Uptown App, for iPhones

Typefaces: Gotham, Mercury Text, Giant

Manhattan’s urban grid is a vaunted model of simplicity, a rectilinear plan of numbered streets intersecting numbered avenues. Never mind that West 4th Street crosses West 10th, that those walking from Fifth Avenue to Third Avenue will seldom encounter Fourth Avenue, and that “North” in the New York sense differs from conventional “North” to the tune of 29°. It’s this kind of accuracy, transparency and accountability that makes New York the perfect home for Wall Street.

A fixture of the corner of Broadway and Houston, where H&FJ makes its home, is a tourist population forever asking that question of the ages, “which way is uptown?” I can’t entirely blame them: in the math of the NYC grid, Houston is 0th Street, and local signs wickedly conceal the real names of avenues below fake labels that are designed specifically to ensnare tourists. (Watch the meter when you ask a taxi driver to take you anywhere on “Avenue of the Americas.”)

To the rescue comes our own Andy Clymer, whose joint interests in typography, programming, and human decency are combined in Uptown App, his new utility for the iPhone 3GS. Andy’s thoughtfully used some of our fonts on what’s actually a pretty handy app: because it uses the iPhone’s built-in magnetometer, it can give you a quick read on “uptown” in places where GPS signals and cellular networks are unavailable or slow to come online, like when stepping out of freezing cold subway stations. Compared to the inconvenience of frostbite, 99¢ is a genuine bargain. —JH

Typographic Gifts for Designers, Part 10

Harry Beck’s map of the London Underground is one of those seminal information graphics that has come to define an entire category. It must be as widely recognized as Mendeleev’s design for the periodic table of the elements; it’s surely been as influential, and as widely imitated and spoofed.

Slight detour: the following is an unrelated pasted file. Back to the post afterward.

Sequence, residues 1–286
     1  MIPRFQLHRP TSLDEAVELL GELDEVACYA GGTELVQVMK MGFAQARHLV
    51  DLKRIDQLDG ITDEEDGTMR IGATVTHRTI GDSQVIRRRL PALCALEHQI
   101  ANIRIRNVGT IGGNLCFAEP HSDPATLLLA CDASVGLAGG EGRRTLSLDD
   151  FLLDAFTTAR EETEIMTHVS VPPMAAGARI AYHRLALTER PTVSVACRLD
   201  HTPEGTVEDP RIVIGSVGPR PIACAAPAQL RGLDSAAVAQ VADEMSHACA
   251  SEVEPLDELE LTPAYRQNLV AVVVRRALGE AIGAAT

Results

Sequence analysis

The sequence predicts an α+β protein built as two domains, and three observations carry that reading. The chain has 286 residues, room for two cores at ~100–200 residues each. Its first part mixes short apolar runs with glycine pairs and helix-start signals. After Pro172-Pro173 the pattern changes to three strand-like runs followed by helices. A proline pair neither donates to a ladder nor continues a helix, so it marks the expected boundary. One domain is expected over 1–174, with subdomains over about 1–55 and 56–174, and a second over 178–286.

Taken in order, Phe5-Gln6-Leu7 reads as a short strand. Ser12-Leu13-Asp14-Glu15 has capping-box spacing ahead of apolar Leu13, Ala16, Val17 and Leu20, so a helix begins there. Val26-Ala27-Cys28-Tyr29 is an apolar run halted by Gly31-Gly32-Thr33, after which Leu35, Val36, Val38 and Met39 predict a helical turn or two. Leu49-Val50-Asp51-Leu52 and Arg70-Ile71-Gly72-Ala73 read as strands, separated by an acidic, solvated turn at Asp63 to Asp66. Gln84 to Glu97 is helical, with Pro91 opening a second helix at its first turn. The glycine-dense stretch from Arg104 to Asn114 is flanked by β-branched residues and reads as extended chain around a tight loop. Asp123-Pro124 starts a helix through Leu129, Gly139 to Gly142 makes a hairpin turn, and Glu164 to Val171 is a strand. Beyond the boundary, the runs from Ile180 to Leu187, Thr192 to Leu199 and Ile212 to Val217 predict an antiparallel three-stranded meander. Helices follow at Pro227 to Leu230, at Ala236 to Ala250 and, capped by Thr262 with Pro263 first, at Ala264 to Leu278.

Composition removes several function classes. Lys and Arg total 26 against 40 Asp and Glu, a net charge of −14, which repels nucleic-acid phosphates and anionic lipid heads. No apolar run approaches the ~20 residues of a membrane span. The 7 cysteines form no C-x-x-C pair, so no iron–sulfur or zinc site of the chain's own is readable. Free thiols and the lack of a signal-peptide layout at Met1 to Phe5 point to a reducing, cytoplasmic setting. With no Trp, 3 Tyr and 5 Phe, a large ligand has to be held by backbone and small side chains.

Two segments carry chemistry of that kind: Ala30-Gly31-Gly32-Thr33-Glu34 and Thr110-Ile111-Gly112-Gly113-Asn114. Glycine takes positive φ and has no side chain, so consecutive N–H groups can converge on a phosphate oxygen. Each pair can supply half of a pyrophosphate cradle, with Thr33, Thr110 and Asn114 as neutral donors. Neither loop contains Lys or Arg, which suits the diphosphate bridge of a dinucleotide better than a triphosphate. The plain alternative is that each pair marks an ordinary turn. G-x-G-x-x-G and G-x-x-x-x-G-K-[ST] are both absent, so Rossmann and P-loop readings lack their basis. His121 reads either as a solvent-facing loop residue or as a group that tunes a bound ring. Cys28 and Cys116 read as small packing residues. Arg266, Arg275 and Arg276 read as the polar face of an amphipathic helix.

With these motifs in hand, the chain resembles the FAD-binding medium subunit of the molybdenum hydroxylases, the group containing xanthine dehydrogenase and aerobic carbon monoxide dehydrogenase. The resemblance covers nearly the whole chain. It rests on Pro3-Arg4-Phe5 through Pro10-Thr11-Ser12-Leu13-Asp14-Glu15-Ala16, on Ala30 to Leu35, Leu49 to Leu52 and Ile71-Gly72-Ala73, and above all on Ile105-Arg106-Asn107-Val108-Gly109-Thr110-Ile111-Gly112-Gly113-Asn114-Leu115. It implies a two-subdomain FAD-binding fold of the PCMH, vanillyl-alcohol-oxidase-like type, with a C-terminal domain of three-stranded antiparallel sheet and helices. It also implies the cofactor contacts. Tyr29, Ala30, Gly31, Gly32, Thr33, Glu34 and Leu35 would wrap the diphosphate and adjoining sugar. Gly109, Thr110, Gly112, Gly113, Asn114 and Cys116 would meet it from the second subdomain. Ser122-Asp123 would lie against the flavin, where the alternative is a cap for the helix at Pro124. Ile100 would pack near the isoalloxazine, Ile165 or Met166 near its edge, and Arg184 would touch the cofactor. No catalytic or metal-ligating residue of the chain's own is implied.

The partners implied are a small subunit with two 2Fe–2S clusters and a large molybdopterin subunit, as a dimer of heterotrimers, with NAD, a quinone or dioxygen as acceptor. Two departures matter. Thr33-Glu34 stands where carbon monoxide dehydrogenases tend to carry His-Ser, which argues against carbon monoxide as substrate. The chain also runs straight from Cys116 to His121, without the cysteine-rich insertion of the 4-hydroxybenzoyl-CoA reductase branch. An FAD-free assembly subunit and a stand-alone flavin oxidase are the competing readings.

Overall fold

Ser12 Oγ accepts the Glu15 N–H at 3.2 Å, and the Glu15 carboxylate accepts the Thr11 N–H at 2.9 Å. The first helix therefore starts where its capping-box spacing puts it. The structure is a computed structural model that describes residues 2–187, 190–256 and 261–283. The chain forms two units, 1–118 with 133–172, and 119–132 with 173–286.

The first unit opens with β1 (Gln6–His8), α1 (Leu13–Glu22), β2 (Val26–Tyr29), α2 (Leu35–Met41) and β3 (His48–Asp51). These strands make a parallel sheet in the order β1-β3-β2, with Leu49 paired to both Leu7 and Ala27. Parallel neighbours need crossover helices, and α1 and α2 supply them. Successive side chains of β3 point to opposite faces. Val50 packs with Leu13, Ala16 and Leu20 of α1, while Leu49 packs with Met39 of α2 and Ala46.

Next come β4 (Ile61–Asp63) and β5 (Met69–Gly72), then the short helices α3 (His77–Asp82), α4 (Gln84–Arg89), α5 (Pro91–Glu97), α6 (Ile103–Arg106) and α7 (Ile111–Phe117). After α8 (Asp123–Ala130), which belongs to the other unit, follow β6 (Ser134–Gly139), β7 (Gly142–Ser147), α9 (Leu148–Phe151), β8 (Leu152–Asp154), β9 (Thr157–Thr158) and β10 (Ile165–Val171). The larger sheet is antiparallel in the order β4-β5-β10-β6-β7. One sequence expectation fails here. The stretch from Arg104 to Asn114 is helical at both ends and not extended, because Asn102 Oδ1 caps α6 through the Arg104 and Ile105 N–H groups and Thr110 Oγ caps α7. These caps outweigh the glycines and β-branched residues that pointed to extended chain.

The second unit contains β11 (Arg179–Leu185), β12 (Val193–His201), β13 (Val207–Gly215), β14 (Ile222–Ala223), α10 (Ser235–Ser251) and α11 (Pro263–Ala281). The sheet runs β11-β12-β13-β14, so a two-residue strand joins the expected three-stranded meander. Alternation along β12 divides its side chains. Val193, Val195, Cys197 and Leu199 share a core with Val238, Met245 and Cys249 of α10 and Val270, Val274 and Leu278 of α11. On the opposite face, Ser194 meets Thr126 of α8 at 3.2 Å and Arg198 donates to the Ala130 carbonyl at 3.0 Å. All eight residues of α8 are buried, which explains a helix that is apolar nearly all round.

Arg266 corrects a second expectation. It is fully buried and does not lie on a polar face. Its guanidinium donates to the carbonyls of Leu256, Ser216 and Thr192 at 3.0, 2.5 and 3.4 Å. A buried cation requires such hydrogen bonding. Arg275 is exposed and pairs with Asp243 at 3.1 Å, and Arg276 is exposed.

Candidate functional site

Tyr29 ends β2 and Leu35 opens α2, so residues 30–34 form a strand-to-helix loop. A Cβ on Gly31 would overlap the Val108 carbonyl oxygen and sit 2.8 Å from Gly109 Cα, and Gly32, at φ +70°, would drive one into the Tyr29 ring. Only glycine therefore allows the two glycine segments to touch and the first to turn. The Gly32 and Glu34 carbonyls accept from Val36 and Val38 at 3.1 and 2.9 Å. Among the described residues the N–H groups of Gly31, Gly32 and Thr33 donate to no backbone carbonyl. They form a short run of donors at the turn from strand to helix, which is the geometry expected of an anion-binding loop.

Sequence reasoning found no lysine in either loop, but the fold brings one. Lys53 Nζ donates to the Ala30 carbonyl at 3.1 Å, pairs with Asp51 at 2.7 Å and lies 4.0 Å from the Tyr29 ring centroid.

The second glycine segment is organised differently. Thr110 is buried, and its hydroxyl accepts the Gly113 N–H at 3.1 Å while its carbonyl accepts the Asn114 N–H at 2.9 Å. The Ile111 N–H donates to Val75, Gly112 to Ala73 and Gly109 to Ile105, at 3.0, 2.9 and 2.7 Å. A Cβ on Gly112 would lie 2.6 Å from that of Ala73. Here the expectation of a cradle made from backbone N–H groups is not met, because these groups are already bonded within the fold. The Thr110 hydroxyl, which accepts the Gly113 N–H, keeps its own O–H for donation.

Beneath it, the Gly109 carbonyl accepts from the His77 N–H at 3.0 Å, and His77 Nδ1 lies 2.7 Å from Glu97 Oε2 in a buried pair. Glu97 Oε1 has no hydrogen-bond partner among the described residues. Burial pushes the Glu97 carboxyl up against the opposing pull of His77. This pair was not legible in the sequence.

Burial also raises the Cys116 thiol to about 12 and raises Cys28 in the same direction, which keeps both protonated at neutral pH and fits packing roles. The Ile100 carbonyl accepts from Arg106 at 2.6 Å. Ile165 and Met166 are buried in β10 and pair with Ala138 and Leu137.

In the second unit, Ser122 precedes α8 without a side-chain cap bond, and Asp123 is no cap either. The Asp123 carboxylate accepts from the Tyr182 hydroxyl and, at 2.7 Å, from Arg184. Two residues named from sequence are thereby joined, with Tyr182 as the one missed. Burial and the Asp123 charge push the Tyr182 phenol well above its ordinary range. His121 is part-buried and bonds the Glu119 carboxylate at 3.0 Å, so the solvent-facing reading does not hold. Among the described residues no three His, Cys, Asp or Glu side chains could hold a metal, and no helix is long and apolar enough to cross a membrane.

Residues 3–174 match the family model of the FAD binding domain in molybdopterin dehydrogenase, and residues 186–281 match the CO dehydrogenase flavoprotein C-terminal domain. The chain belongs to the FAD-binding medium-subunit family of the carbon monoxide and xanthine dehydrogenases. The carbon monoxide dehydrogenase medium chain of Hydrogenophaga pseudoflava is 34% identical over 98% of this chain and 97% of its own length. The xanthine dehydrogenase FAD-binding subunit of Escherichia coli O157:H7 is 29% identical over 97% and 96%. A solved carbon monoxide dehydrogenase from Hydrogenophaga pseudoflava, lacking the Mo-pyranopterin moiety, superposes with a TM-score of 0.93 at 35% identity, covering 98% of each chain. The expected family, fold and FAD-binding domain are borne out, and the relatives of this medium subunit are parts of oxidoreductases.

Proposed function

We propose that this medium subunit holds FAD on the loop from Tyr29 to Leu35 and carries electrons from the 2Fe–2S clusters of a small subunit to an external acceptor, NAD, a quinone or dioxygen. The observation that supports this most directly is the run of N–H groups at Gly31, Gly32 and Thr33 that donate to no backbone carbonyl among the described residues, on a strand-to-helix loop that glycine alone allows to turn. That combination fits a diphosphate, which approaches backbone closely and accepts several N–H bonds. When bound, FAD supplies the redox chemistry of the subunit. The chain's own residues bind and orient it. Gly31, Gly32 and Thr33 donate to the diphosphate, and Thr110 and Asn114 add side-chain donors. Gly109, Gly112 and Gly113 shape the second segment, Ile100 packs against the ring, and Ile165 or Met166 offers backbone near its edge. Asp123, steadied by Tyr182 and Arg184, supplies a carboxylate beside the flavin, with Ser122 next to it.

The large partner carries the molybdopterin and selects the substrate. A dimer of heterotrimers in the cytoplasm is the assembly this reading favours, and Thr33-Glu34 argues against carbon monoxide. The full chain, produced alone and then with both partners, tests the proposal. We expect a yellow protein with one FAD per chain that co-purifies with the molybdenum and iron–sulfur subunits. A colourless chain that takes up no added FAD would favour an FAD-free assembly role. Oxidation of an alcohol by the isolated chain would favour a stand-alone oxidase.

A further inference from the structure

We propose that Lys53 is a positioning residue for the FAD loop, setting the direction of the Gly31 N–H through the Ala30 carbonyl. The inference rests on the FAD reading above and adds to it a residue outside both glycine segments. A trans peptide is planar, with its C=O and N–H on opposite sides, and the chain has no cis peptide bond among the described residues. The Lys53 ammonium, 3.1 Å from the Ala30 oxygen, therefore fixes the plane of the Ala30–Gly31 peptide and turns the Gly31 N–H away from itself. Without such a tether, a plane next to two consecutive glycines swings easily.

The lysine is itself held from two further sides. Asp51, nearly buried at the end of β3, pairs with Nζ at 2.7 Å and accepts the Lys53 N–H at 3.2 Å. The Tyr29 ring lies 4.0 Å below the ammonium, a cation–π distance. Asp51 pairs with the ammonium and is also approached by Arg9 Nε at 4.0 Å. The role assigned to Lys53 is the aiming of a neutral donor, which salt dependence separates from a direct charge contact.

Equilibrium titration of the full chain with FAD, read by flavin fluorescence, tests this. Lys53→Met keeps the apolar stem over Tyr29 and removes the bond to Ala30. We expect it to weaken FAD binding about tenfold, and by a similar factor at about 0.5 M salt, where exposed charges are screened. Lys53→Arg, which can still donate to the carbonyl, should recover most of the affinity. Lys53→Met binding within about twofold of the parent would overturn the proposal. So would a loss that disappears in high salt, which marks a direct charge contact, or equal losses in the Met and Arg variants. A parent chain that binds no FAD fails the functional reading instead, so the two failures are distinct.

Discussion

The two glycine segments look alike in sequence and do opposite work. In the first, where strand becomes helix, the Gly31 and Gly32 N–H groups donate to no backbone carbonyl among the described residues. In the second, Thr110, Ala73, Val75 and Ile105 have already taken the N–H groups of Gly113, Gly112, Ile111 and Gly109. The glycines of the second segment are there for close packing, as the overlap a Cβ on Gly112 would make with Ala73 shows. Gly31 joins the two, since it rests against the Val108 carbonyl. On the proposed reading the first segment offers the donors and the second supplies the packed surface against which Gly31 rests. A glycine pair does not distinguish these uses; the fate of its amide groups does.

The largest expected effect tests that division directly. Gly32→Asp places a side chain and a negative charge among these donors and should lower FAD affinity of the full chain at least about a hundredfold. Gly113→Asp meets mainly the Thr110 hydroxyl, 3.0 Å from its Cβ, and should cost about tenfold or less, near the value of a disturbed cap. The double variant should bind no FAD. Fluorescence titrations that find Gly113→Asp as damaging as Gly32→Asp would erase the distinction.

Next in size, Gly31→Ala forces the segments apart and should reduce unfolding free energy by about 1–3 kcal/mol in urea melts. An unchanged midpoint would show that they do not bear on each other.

What makes both diagrams significant is that they bravely dispense with information traditionally thought to be crucial. Mendeleev described matter without any of its physical characteristics, which freed scientists to infer more significant information purely from the table itself. And Beck realized that the scale of a city was irrelevant to a commuter (as well as difficult to draw), so he bent the shape of Greater London to meet the needs of the map, in what’s technically called a cartogram.

Mark Ovenden’s Transit Maps of the World is a terrific and well-illustrated tour through the world that Beck created. It’s interesting to compare the choice of cartograms and equal-area maps in different cities, and at different times: Beck’s diagrammatic plan for the Paris Métro was rejected in favor of a beloved but impenetrable drawing, which is just the kind of Gallic gesture that has been confounding the English for centuries. The images in Ovenden’s book make it tempting to make inferences about the cultures behind the maps: the diagrams for Moscow, St. Petersburg and Nizhiny Novgorod have an undeniably Suprematist bent, and those for Beijing and Guangzhou look as if they could actually be the Simplified Chinese ideogram for “subway.” Closer to home, the map of Los Angeles looks likes an Anasazi petroglyph, and that of Washington, D.C. resembles nothing more than a pit of highly partisan snakes. —JH